AARP Puts Pressure on Social Security to Improve Customer Service

March 2, 2023

AARP (formerly called the American Association of Retired Persons), the largest public interest group for seniors in the U.S., is flexing its muscle (and the muscle of its more than 38 million members) to put pressure on the Social Security Administration (SSA) to improve its customer service.

In a blog post on, the organization says they want to see the agency make customer service a top priority in the operating plan the SSA must submit to Congress this month.

As we wrote about in our November newsletter, data the Social Security Administration recently provided to Congress shows that nearly 20% of the field offices have had 40 or more customers in line on multiple days.

There have been reports that people have slept in line outdoors all night at some field offices to get a favorable place in line the next morning.

This is especially troublesome for our most at-risk population—people with disabilities. The lengthy pandemic office closures caused applications for disability benefits to plummet.  (In fact, the data show that SSDI awards to workers who developed disabilities fell 15% in 2021, which is in addition to an 11% drop in 2020).  However, the average wait time to process initial disability decisions now stands at an all-time high of 198 days.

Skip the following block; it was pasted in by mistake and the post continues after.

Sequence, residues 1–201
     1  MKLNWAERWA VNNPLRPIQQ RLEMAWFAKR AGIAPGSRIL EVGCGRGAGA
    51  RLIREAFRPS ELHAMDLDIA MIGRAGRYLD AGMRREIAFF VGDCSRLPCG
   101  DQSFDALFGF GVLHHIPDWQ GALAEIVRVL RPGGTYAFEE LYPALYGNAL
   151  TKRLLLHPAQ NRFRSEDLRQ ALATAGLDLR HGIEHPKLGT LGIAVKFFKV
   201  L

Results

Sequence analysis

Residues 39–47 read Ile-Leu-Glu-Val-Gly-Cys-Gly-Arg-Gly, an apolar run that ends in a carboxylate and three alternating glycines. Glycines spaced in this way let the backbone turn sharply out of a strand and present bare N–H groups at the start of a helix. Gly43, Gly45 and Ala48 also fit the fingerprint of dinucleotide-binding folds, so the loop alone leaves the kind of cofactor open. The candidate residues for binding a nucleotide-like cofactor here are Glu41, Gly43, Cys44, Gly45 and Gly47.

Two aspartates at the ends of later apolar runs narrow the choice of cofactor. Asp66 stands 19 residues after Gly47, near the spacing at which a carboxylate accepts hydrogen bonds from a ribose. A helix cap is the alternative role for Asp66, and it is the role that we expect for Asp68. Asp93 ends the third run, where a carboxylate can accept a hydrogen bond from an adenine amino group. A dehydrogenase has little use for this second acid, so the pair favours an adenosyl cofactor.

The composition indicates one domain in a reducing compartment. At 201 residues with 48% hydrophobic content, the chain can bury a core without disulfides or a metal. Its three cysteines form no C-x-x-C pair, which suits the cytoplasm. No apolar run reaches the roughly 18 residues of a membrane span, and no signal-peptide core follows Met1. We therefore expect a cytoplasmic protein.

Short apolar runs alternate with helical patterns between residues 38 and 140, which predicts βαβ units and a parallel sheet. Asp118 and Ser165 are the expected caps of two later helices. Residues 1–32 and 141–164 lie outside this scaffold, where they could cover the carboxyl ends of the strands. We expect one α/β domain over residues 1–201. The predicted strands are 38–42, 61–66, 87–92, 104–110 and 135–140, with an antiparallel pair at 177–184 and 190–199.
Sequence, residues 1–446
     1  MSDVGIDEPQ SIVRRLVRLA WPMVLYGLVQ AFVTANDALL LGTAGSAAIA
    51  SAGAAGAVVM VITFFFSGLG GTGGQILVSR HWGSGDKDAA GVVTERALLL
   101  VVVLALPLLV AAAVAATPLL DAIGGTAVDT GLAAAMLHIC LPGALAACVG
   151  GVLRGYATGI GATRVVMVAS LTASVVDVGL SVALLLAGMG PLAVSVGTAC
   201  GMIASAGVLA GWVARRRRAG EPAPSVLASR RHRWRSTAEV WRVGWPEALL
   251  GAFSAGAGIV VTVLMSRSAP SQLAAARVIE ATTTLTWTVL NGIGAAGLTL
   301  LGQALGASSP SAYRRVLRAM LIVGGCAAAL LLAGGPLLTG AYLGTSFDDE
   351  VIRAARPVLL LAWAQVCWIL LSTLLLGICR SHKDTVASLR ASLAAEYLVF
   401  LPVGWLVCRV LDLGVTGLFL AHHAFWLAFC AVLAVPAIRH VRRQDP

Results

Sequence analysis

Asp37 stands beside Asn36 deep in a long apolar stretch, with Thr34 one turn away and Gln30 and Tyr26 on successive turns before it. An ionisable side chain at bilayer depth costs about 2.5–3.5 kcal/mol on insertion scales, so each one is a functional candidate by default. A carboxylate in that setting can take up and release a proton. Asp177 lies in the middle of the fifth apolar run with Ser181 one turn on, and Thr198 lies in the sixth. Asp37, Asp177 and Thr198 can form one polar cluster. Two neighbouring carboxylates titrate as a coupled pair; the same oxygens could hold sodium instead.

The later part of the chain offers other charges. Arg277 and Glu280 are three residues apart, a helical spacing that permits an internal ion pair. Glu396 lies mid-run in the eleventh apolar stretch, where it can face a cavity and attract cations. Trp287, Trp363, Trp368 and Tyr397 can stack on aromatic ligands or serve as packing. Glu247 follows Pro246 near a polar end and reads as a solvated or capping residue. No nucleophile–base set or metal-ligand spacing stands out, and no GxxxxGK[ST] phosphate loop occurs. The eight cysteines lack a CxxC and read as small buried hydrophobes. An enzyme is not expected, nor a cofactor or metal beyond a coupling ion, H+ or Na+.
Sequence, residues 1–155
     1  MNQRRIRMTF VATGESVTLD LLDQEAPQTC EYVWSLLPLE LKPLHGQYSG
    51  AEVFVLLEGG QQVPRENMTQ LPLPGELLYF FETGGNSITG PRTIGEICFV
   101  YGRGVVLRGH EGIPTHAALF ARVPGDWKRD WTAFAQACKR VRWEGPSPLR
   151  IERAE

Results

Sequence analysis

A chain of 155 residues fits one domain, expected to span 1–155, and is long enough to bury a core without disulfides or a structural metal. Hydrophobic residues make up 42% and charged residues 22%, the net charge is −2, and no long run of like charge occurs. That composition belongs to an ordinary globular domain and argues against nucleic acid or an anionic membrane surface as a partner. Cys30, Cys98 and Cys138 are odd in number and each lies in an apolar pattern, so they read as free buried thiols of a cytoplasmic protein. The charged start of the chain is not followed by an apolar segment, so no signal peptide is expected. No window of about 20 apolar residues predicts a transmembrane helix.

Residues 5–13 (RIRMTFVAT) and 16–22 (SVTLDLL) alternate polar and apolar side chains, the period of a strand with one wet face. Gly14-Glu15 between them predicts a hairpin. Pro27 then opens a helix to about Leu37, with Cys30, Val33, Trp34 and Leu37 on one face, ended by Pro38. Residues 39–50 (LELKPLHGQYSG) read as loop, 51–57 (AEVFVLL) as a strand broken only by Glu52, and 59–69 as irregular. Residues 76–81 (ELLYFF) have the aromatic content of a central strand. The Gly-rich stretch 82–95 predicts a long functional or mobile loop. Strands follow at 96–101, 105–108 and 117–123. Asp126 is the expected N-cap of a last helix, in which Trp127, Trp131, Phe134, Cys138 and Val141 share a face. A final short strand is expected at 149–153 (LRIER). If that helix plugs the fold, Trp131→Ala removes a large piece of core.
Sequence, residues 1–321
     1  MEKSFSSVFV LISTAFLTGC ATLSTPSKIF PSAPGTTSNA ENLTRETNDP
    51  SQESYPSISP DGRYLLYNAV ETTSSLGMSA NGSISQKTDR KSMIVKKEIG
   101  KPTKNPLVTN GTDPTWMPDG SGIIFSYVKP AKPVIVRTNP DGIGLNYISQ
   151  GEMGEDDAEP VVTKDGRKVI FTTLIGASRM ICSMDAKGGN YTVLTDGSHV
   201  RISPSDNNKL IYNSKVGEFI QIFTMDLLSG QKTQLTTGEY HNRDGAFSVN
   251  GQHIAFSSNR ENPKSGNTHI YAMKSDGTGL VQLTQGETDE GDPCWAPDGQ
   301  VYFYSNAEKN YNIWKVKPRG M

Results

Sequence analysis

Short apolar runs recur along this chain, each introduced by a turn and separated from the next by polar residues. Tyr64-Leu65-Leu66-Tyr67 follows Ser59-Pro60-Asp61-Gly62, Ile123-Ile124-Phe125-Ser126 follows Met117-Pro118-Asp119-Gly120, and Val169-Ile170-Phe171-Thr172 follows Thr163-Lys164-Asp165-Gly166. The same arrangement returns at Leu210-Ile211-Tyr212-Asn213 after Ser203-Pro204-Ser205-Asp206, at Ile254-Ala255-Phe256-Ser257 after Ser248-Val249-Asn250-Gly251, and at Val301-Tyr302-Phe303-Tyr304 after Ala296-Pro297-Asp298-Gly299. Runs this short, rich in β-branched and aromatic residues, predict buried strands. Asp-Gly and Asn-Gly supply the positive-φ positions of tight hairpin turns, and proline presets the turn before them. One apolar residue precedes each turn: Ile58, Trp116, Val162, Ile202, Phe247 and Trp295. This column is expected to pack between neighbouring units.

In the past year, Social Security blamed deteriorating customer service on staffing shortages and insufficient budgets. Acknowledging “delays in service and long waits for disability decisions,” the Social Security Administration asked for a huge bump in funding.

Congress and the Biden Administration responded and approved a $785 million budget increase for the SSA.

However, despite this budget boost, Acting Social Security Commissioner Kilolo Kijakazi warned lawmakers that the SSA’s service is likely to get worse before it gets better. In a letter to Congress, she said she expects phone service and delays in disability decisions to further deteriorate this year.

“Some performance measures will show improvement in [fiscal] 2023, while others may show temporary degradation [and] we expect that improved customer wait times and increased employee capacity may not be fully realized until FY 2024.”

We at Nash Disability Law along with AARP and other advocates for people with disabilities say it is time for the agency to step up and deliver better service to the millions of Americans who rely on the Social Security benefits they paid for and have rightfully earned.